Look for some dude-brah on his lunch break and follow.
post #38 of 43
Quote:
Originally Posted by billyymc View Post
so what are the suggestions for quickly getting to know the mountain
The first suggestion is not to be in a hurry to know the mountain. Resorts the size of Steamboat do not give up their secrets quickly.

Many resorts offer complimentary tours of the mountain. Steamboat's tour departs at 10:30. That's one way to start. Studying the trail map is another. If one is the cautious type, scoping off piste zones from groomed runs above and below the area of interest can often yield useful safety information. Following others into off piste zones and keeping them in sight is another common tactic. Those who aren't shy can simply ask other skiers who look like locals until they find someone more familiar with the territory to lead them around. Staying near the edges of groomed runs is another tactic for limiting risk in unfamiliar terrain. Most of the time I am simply more conservative when entering an unfamiliar area. For me, exploring is part of the fun.
post #39 of 43
solution ski utah were tree well deaths are way down to other states...



still trying to figure out why though
post #40 of 43
Thread Starter 
Quote:
Originally Posted by BushwackerinPA View Post
solution ski utah were tree well deaths are way down to other states...

Well, we're already booked for Steamboat. Is there a shuttle to Utah?

Is the graph above normalized by number of skier visits per year?
post #41 of 43
For a little more than the price of an adult single day lift ticket you could buy an Avalung. If these devices can work within the concrete of a slide they would probably work very well in the less condensed snow of a tree well collapse, maybe also make you less likely to panic and worsen the situation...Having said all of that, Steamboat should be great skiing and unless there is a huge dump WHILE YOU'RE THERE, you stay inbounds and stay out on the generally beaten path you're not likey to encounter any wells...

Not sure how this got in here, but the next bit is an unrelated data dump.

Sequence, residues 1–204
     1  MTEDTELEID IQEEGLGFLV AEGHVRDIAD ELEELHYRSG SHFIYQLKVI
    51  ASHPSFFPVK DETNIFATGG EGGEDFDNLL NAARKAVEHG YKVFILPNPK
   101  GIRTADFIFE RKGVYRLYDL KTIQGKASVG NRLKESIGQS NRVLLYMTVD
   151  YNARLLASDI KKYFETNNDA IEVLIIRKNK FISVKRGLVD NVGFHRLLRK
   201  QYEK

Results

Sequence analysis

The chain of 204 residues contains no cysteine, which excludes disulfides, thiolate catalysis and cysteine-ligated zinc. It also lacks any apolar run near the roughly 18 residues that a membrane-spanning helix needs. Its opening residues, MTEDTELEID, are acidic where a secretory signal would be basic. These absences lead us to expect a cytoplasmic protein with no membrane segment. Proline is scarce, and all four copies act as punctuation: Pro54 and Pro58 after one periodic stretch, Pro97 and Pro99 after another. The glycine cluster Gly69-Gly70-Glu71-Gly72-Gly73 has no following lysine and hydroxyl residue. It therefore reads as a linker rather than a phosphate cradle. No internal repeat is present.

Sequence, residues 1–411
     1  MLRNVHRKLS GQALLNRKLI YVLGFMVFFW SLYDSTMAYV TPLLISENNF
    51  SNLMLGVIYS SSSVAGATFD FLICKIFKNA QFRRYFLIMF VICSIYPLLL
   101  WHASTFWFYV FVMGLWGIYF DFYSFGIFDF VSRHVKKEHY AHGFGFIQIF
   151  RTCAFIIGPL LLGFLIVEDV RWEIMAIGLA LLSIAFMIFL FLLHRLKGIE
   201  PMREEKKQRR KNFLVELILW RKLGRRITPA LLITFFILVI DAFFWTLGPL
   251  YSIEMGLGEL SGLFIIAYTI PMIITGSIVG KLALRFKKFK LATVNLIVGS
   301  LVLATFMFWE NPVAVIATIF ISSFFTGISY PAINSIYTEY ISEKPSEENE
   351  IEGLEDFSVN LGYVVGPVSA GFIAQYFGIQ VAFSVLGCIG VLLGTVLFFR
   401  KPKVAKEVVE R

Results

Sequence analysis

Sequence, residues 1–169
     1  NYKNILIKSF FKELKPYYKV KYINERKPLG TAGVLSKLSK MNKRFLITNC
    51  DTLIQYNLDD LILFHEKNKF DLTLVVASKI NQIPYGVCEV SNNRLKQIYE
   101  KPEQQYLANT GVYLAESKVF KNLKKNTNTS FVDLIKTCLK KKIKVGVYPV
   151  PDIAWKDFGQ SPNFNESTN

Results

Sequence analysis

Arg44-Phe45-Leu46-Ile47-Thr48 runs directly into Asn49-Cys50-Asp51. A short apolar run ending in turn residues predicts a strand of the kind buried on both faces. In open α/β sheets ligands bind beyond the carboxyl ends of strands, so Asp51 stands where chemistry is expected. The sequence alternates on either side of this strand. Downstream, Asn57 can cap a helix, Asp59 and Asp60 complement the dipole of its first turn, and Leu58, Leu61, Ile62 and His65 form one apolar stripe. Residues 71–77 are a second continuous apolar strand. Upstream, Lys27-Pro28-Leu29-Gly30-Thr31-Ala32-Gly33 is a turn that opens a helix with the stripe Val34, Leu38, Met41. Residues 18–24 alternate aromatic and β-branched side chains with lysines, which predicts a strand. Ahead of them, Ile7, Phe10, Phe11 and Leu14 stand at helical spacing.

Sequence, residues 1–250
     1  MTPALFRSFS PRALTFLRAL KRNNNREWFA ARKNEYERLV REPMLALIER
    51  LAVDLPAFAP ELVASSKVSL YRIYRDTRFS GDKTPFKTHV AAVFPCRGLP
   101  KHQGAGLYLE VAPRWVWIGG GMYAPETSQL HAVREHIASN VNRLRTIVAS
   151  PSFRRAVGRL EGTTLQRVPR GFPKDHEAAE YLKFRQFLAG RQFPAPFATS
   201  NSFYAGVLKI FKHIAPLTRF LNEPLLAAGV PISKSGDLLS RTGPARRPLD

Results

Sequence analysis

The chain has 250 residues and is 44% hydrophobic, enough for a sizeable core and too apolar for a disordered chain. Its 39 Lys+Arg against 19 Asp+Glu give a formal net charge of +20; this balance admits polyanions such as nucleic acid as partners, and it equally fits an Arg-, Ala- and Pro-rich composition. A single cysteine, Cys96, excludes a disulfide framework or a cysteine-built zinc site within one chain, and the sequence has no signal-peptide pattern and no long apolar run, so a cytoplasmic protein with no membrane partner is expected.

post #42 of 43
Yeah, I think the Avalung is way better suited to a tree well situation than an avalanche. I was happy to have one treeskiing in BC last winter. Never fell into a well, but one of our guides demonstrated the depth by jumping into one (feet-first). Scary.
post #43 of 43
I was at Steamboat the day it happened, and rode up the gondola with one of the patrol who apparently was involved. At that time they weren;t sure if it was asphixiation or heart attack.

OK, the summary:
- you won't have any danger in the Aspens, and it's been dumping so enjoy.
-have a whistle available
-don't put your hands through your pole straps, so you'd have to have them involed in trying to dig out
- don't get too close to the big pines
- look at the openings between the tree, not the trees
-don't ski alone in the woods
-wear a helmet
-check the board at the top of the gondola to see if Billy Kidd's coming out at 1pm.

Steamboat's slalom glades are so much fun, you'll be in there all day, guaranteed. Enjoy
New Posts  All Forums:Forum Nav:
  Return Home
  Back to Forum: General Skiing Discussion
EpicSki › The Barking Bear Forums › On the Snow (Skiing Forums) › General Skiing Discussion › Tree Wells and other dangers